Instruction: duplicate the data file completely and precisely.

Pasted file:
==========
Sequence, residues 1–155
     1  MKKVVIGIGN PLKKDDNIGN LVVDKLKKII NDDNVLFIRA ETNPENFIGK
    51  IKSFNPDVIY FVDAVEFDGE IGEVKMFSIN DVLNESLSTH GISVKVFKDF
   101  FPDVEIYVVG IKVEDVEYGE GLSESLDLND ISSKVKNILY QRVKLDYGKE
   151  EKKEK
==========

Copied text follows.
Sequence, residues 1–155
     1  MKKVVIGIGN PLKKDDNIGN LVVDKLKKII NDDNVLFIRA ETNPENFIGK
    51  IKSFNPDVIY FVDAVEFDGE IGEVKMFSIN DVLNESLSTH GISVKVFKDF
   101  FPDVEIYVVG IKVEDVEYGE GLSESLDLND ISSKVKNILY QRVKLDYGKE
   151  EKKEK